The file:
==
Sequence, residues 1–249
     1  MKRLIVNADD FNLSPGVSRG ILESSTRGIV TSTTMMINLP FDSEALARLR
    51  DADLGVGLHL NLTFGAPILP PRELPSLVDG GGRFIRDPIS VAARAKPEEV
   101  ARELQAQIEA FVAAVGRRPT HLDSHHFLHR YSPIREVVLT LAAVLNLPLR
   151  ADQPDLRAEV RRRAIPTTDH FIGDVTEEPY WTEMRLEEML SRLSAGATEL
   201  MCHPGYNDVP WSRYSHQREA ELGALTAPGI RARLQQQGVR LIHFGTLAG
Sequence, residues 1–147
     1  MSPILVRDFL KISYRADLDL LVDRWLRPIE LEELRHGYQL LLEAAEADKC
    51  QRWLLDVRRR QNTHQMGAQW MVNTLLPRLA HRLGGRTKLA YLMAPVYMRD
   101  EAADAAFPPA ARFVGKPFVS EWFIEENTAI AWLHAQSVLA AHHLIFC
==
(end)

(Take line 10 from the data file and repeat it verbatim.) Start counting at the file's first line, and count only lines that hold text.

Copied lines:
   101  EAADAAFPPA ARFVGKPFVS EWFIEENTAI AWLHAQSVLA AHHLIFC